(Arden is probably best known for his mid-70s success in managing Electric Light Orchestra, as well as an incident in 1979 when he set his dogs on daughter Sharon, who had incurred his displeasure by muscling in on his management contract with her future husband, Ozzy Osbourne. The dog attack resulted in a miscarriage for Sharon.)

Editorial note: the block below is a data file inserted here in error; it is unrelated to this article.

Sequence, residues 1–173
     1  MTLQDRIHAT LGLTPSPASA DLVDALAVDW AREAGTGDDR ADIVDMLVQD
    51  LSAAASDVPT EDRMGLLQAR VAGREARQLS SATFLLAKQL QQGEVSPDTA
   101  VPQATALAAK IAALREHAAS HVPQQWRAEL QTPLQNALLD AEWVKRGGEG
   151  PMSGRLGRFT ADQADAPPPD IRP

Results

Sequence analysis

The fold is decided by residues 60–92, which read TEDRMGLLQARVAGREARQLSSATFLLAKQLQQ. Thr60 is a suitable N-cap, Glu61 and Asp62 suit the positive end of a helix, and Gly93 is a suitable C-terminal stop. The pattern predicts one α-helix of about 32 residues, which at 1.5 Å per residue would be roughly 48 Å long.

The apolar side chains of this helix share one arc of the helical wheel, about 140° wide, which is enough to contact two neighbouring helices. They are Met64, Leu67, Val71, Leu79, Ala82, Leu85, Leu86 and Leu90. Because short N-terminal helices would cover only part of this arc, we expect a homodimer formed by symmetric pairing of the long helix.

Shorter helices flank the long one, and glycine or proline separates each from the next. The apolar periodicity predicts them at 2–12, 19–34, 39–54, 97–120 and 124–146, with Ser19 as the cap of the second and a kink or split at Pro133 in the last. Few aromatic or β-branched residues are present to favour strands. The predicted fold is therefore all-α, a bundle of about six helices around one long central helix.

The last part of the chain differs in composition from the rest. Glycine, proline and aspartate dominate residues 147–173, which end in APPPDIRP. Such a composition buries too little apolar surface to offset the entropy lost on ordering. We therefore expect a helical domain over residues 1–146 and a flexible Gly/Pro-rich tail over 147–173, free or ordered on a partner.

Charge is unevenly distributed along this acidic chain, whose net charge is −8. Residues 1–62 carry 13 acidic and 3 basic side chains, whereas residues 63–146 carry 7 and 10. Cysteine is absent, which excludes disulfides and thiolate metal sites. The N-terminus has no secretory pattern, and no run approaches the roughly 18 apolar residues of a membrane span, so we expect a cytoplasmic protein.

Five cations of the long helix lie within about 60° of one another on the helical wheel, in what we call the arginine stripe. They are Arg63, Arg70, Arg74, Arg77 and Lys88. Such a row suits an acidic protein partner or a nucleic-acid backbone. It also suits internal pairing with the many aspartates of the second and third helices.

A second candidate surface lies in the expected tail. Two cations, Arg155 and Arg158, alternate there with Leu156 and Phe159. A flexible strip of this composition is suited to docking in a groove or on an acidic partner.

Then, after he formed Humble Pie with Peter Frampton, Marriott hooked up with Dee Anthony, one of the most important and powerful American rock managers. Anthony was indeed successful in getting the band a contract with A&M Records, and was the one who encouraged them to go the hard boogie, arena-rock route, a sound that turned them into one of the best live bands around and eventually yielded the hit "Thirty Days In The Hole." (Anthony later used the same formula for Frampton and his Comes Alive! album.) But, like a broken record, millions of dollars of royalties disappeared. Marriott, who was so poor he had been reduced to stealing food, thought Anthony had diverted the considerable Humble Pie royalties to push a now-solo Frampton, and demanded that Anthony tell him where the money was. At that point, Marriott was taken into a meeting that included John Gotti, Paul Castellano and other members of the Gambino crime family, at least according to Marriott's official biography, All Too Beautiful. That ended his impertinent money questions.